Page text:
I am a scientist, mystic and spiritual healer. My life straddles the worlds of so-called "left-brain" and "right-brain" interests. I trained at the undergrad level in electronics engineering and astrophysics, and at the graduate level in clinical psych, the health sciences and acupuncture, and have a Master's degree in the sciences. I work largely as a research and consulting scientist in some mainstream scientific fields and in fringe science, aka "strange science" fields as well.

Saturday, May 23, 2009

Questions About "Garbage Enzymes" and "Farmer's EM" vs. EM Probiotic Microbial Products

In the past few months, I have been receiving an increasing number of inquiries from farmers, householders and consumers, particularly in Asia, about a homebrewed fermented product known as "garbage enzymes", and a very similar rlaated product which goes by the name of "Farmer's EM", and, in particularly asking how they compare to commercially-available probiotic microbial products with strong antioxidative and syntropic properties such as EM (aka effective microorganisms or efficient microbes.) Due to the increasing number of inquiries that I am receiving about these grass-roots homebrewed fermented products, I have decided that it would be useful to answer the questions here to help to clear the air a bit about these products.

First, most of the folks who have contacted me with questions about the homebrewed garbage enzyme product have asked me questions very much along the lines of the correspondent who had sent the note reproduced below:

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Hi Vinny:

I was experimenting with organic composting for my garden and stumbled upon your work with beneficial microbes via the Internet. I am also making what is generally termed as "garbage enzymes" in Asia. It is simply made with 1:3:10, of raw brown sugar, kitchen vegetable waste and water. This is left for 3 months. It can be used as fertilizers for plants, for washing and also to reduce odours of waste or sewage. Is this somewhat the same as EM but is a more primitive form?

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My reply appears below:

Some History and Background
Well, first, a bit of history.... For a couple of years now, an alternative health practitioner in Thailand named Dr. Rosukon Poompanvong, who is also a vocal proponent of organic farming and sustainable living, has been promoting very strongly the concept of using a homebrewed fermented concoction rich in enzymes and (hopefully) largely-beneficial microbes for treating kitchen waste and sewage to reduce odor and disease and for treating farm soil and garden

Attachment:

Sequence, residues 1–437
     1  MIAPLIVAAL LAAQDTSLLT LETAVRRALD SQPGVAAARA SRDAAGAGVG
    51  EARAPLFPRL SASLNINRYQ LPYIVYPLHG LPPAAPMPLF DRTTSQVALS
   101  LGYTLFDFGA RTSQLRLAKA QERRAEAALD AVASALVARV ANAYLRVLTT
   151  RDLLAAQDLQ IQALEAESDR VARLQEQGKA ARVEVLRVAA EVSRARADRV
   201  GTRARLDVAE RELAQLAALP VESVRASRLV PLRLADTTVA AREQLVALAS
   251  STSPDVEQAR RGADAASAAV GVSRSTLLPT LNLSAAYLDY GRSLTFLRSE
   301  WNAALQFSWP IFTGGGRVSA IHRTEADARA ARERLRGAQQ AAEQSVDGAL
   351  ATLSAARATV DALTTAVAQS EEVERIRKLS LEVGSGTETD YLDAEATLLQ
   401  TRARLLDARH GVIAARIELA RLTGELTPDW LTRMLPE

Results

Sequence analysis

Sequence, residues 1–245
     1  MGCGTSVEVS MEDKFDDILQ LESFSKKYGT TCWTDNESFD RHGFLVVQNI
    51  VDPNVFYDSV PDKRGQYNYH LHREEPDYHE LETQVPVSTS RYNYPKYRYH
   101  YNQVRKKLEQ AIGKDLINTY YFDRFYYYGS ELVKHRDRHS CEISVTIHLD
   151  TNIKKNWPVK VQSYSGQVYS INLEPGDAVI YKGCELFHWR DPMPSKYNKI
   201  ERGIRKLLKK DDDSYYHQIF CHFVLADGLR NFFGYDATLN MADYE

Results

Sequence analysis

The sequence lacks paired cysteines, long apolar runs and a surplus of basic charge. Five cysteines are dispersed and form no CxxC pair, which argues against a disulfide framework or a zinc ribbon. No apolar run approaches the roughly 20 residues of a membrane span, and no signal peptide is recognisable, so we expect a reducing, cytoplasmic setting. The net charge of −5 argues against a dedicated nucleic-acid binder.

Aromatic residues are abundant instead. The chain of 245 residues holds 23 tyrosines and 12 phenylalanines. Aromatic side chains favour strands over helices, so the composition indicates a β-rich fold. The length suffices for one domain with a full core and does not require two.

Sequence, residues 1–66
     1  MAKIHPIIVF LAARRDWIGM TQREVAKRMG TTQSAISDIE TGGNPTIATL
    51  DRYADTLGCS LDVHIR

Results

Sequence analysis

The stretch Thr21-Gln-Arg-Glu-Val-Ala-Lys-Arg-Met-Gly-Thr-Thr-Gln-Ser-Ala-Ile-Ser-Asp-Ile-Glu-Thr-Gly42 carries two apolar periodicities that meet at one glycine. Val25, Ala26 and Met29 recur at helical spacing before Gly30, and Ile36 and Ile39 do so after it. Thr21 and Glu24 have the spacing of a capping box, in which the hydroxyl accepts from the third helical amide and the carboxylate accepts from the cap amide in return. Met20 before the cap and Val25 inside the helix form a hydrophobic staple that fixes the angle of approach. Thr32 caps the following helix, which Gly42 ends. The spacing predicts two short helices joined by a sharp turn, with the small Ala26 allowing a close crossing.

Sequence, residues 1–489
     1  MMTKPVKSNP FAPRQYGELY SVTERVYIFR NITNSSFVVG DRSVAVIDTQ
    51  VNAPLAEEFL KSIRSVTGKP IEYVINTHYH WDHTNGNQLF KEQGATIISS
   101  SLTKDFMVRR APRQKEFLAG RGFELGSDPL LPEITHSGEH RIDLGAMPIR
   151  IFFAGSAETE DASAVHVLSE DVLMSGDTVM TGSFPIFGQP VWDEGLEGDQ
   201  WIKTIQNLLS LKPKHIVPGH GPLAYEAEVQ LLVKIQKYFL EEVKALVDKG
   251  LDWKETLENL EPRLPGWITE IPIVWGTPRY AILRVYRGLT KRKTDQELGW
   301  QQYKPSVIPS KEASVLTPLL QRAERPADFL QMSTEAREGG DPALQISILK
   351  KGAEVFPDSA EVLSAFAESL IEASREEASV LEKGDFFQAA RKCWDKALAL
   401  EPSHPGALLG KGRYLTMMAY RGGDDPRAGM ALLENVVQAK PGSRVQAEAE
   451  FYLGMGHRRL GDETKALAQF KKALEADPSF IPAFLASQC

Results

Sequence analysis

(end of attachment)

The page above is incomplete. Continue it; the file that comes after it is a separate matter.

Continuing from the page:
soil as a fertilizer. She calls the fermented concoction by the name "garbage enzymes", and she has been promoting the idea heavily in Thailand, and, at times, in neighboring Asian countries as well. Due to her promotion activities, the concept has gained a limited grass-roots following in
Thailand, and also in some parts of China, where householders are encouraged by the promoters to prepare and brew their own supply of garbage enzymes from vegetable (i.e. fruit and vegetable) waste from their kitchens.

The idea has also gained a limited grass-roots following in Malaysia, where it is largely promoted by a homeopathic doctor named Joean Oon, but in Malaysia, there is much less emphasis placed by Dr. Oon and her staffers on the idea of encouraging householders to brew their own supply of garbage enzymes, and rather, consumers are encouraged to purchase a commercial bottled liquid
product bearing the same name (i.e., "Garbage Enzyme"), and, in fact, when I was in Kuala Lumpur and neighboring cities in Malaysia a few months ago, nearly every health food store
and natural foods store had an entire shelf devoted to marketing large bottles of Garbage Enzyme product, and it was also heavily advertised in the mass media; the vendor seems to primarily market their product for treating kitchen vegetable waste and also septic tanks and sewage fields for odor control, and to use for washing and cleaning floors, toilets, etc.

According to Dr. Poompanvong's instructions, the garbage enzyme product is brewed by mixing one part of black sugar (a very dark sugar which has a high molasses content) or brown sugar (a dark sugar which has a moderate molasses content) with three parts of chopped kitchen vegetable waste (i.e., teabags, tea leaves, vegetable and fruit waste; no meat or animal products allowed) and with ten parts of water, and the mixture is briefly stirred and then allowed to
ferment anaerobically in a large covered plastic bottle or bucket for about three months in a warm setting (please remember that much of Thailand and Malaysia enjoy rather warm year-round outdoor temperatures, due to the tropical near-equatorial climate.) Incidentally, Dr. Poompanvong and other proponents of brewing home-brewed garbage enzyme always stress that is important to use only vegetable garbage in brewing the fermented mixture, and that it is important not to use any amimal products such as meat, fish, or dairy, as, they say,
inclusion of any of these products will create undesirable odors and may also encourage growth of undesirable microbes.